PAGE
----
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Tanks

Cive 401

Mahanna, Loeb, Magalhaes

11/19/2014

Water Hammer

Water Hammer is a pressure surge or wave that occurs when there is a sudden

momentum change of a fluid (the motion of a fluid is abruptly forced to stop or change direction)

within an enclosed space (Water Hammer). This commonly occurs in pipelines when a valve is

closed suddenly at the end of a pipeline where the velocity of the fluid is high. The pressure

wave created will propagate within the pipeline.

Cause and Effect

Water hammer is caused by a change in fluid momentum. The most common cause of

this change in momentum is sudden closure of a valve on a pipeline. When this occurs, a loud

hammer noise can be produced and vibrations can be sent through the pipe (Water Hammer).

The pressure wave produced from this event can cause significant damage to pipe systems. The

large increase in pressure can cause pipes to crack and in some cases burst. It also causes

cavitation within pipe lines and if is severe enough can cause the pipe line to implode (Water

Hammer). Figure 1and Figure 2 show a damage caused by water hammer.

Figure 1

http://www.cyclestopvalves.com/csvtechinfo_10.html

Figure 2

http://traction.armintl.com/db/attachments/docs/403/1/

water%20hammer%20valve_2.jpg

Another instance that produces a water hammer effect is pump and turbine failure. When

a pump fails, the sudden halt in flow will produce the momentum change causing the water

hammer effect. This can also be seen in home plumbing systems when faucets are turned on and

off suddenly. A loud hammer noise will be produced, and the plumbing will vibrate in most

cases.

Water hammer can be induced intentionally for various applications. A hydraulic ram

can be created using a water hammer, and is commonly used in mining practices to break

through rock. In addition, the water hammer effect creates an increase in pressure within a pipe

line and is then used to detected leaks within the pipe line. The increased pressure causes water

to shoot out of the pipe at a leak site, which is then easily spotted. Despite water hammer being

useful at time, it is generally an undesired phenomenon that must be considered when designing

pipe lines (Water Hammer).

Through the application of the momentum equation (Equation 1),

= (2 1 )

(1)

Where:

= force, = fluid density, 1 = initial fluid velocity, 2 = final fluid velocity

it can be seen that when 2 falls below 1, a negative force is created. This negative force forms

a wave of increased pressure within a pipeline that propagates back toward the source of the flow

and moves back and forth, to and from the source.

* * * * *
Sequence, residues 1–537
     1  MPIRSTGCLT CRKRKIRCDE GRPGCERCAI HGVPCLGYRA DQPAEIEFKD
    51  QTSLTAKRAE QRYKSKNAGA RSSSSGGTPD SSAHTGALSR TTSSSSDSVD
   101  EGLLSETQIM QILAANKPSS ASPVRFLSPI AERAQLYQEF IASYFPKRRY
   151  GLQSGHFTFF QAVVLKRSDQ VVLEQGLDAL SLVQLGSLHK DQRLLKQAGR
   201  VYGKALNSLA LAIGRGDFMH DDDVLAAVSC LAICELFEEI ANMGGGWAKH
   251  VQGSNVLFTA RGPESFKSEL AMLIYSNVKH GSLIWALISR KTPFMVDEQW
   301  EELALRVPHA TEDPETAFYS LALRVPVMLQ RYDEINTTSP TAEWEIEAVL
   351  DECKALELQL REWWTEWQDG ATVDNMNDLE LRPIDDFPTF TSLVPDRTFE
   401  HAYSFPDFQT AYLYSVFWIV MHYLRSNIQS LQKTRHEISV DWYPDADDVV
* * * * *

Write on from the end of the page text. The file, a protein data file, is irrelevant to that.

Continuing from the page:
The wave speed, also known as celerity, is a function of the theoretical wave celerity,

which is given by Equation 2 (Cruise).

= ( )

(2)

Where:

= theoretical wave celerity, = bulk modulus of elasticity of fluid,

= fluid density

The wave speed is also a function of the composite modulus of elasticity of the pipe fluid

pipe system, the pipe diameter, pipe wall thickness, and modulus of elasticity of the pipe.

Equation 3 solves for the speed of the pressure wave within a pipe (Cruise).

=

1+(

)

(3)

Where:

= celerity of pressure wave, = bulk modulus of elasticity of fluid, = pipe

Diameter, = thickness of pipe walls, = modulus of elasticity of pipe, =

theoretical wave celerity

The maximum change in pressure created from water hammer in a pipeline is derived from the

momentum equation and results in Equation 4. Equation 6 is for rapid valve closure, which

occurs when the time of closure it less than the pipe length divided by the wave celerity < .

= 0

Where:

= change in pressure, = wave celerity, 0 = initial velocity

(4)

The maximum pressure that will occur in the pipe is the original pressure within the pipe plus the

change in pressure, as shown in Equation 5 (Cruise).

= 0 +

(5)

Where:

= max pressure, 0 = initial pressure, = change in pressure

2

This pressure variation will change in cycles at times equal to = ( ) for a rapid

interruption of the flow. Over time, the pressure wave will decrease due to friction losses. Figure

below demonstrates the pressure wave cycles within a pipe.

Figure 3

As shown in Figure 3, the pressure and velocity of the water at a given point within a pipe

oscillate, while overall steadily decreasing as time passes.

For slow closure within a pipe > , the change in pressure can be found using

Equation 6 (Cruise).

Where:

0 = initial pressure, =

change pressure

= 0 2 + 4 +

0

0

(6)

Similar to when pipe flow is interrupted abruptly, the maximum pressure change is equal

to the initial pressure, plus the change in pressure. The pressure wave caused by the slow closure

of a valve also propagates throughout the pipe, decreasing in magnitude over time due to friction.

Surge Tanks

A surge tank, in its simplest design, is a supplementary reservoir within a pipe system

subject to variable flow rates. Surge tanks are used to protect piping and turbines from pressure

waves that occur when the flow rate quickly decreases. Most commonly surge tanks are used

within hydroelectric power plants where large size piping is used at relatively high flow rates,